Terrigal is a seaside village found in the geographical heart of the Central Coast. Boasting spectacular coastal views and an array of water sports combined with a cosmopolitan feel, Terrigal is the perfect getaway or place to raise a family.
Terrigal is renowned for many of its beautiful natural features and 4kms of unbroken beach but its best known landmark is the Skillion. The Skillion is an interestingly shaped headland, accessed by a pathway leading along the beach out to Broken Head. Here you’ll find a steep cliff facing the ocean, rising from a look out spot easily accessible from a flat grassy area leading up from the reserve.
Terrigal’s main shopping strip is The Esplanade, the street running parallel to Terrigal beach. Here are found an array of boutiques, specialty and general stores, along with services including real estates, banks and salons. For a wider variety of retail, food and services Erina Fair shopping centre is located only five minutes away. Every second Saturday the Terrigal Gourmet Food and Art Market is held. Sold here are a range of handmade jewellery and gifts, fresh produce, original artwork and much more.
Distance from Sydney & transportation
Terrigal is located 85kms from central Sydney via the Sydney Newcastle F3 freeway. Gosford is the nearest rail station and is located 10kms and approximately 30 minutes away by bus. Newcastle is located 96kms north and is accessible using the Gosford train line or via the Sydney Newcastle F3 freeway. Local buses run along Terrigal Beach and connect to Gosford, Erina and other Central Coast locations.
Schools, Education & Institutes
Terrigal High School is one the largest co-education and comprehensive schools on the Central Coast. With a broad academic curriculum and a positive community profile it is a fine educational foundation where young adults can flourish. Terrigal Primary School looks after the younger members of the community, ensuring a good start and a solid foundation. Terrigal is also home to The Terrigal School for Children with Autism, one of the few schools of its kind on the Central Coast.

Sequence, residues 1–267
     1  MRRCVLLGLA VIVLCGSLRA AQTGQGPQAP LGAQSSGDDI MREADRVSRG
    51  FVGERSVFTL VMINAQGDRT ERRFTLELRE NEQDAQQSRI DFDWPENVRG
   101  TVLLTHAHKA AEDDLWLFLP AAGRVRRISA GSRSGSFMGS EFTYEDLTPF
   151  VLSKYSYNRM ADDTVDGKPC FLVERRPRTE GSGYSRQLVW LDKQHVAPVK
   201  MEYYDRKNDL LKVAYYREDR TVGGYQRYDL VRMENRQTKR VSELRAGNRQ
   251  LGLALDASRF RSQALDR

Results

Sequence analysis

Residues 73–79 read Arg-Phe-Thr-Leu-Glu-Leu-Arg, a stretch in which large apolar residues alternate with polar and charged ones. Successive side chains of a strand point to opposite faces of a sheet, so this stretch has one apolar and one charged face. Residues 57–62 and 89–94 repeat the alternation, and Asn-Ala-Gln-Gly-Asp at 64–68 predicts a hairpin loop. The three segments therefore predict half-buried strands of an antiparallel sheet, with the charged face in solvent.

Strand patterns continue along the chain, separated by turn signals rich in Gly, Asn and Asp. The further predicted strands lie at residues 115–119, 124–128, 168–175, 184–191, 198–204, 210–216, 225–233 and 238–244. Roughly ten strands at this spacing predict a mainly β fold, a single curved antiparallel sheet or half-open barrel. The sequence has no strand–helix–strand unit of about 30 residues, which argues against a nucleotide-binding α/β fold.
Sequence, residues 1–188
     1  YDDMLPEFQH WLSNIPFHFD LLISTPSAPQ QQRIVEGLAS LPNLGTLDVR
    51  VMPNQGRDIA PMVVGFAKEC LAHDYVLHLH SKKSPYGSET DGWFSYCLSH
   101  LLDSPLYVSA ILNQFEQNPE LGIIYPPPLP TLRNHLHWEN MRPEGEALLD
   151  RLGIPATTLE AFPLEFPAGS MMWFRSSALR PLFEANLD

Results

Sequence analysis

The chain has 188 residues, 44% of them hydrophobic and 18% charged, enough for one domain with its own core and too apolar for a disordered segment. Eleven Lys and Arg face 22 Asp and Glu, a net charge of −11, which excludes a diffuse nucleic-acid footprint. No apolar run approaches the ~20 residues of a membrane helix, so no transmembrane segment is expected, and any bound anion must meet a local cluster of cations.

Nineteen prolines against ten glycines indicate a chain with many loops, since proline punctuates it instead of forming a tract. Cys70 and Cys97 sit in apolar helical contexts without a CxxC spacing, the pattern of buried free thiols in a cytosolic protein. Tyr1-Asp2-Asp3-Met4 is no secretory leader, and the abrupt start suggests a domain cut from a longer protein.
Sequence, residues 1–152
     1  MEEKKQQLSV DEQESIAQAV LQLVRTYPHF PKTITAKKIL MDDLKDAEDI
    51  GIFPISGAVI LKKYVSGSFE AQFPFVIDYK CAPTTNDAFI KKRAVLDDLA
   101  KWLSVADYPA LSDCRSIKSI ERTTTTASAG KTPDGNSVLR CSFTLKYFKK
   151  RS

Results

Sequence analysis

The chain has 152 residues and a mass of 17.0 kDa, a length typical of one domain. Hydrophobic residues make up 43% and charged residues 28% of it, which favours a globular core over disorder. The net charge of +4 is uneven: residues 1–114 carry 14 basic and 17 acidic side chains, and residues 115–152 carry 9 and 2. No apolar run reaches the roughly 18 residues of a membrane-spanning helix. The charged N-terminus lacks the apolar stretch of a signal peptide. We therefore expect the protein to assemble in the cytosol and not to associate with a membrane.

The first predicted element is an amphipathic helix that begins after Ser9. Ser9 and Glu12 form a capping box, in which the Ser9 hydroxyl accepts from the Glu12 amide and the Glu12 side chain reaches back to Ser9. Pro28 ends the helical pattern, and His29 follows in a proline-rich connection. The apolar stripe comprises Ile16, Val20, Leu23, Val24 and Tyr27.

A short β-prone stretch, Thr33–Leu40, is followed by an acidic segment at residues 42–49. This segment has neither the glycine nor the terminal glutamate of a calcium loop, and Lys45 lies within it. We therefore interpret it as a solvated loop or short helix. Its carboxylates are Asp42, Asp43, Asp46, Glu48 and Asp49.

The name Terrigal originates from the aboriginal word ‘Tarriga’ meaning ‘place of birds’. The first person to use this name was John Gray, in 1826. Terrigal thrived through means of a sawmill established in the 1870s by Thomas Davis and a tramway that ran timber to a jetty where it was shipped to Sydney. Later, dairy became vital to the growing economy. Tourism began to boom in the late 19th century with a focus on a culture health and leisure. The development of roads and completion of the railway line from Sydney to Newcastle in 1889 aided growth in the area.
Real estate & design
Terrigal has experienced vast growth is recent years resulting in an abundance of new developments and properties. Quality homes, apartments and villas are dotted into the hillside surrounded by a protective ring of trees. Tree lined streets boasting coastal outlooks lead down to the town centre allowing an easy stroll from home into the village and onto the beach.
Sports, Fitness & Recreation
Terrigal offers a wide variety of outdoor sports and recreational activities. Popular activities off the coast include surfing, swimming, boating, waterskiing and fishing. Terrigal is the perfect spot for a coastal walk or jog along the sand to neighbouring beaches. Located on Terrigal Beach is the Terrigal Surf Club, a popular hangout for local surfers of all experience levels.
Restaurants & cafés
Terrigal offers a huge array of stylish restaurants and cafés offering a variety of international cuisine for patrons looking to dine with a view of the water. Some of Terrigal’s best dining spots include The Letterbox, Terrigal’s refurbished post office now serving modern Australian cuisine. Crave Café is the perfect destination for lunch or a coffee and Seasalt Restaurant and Onda Ristaronte are two local favourites for either a seafood or Italian dining experience.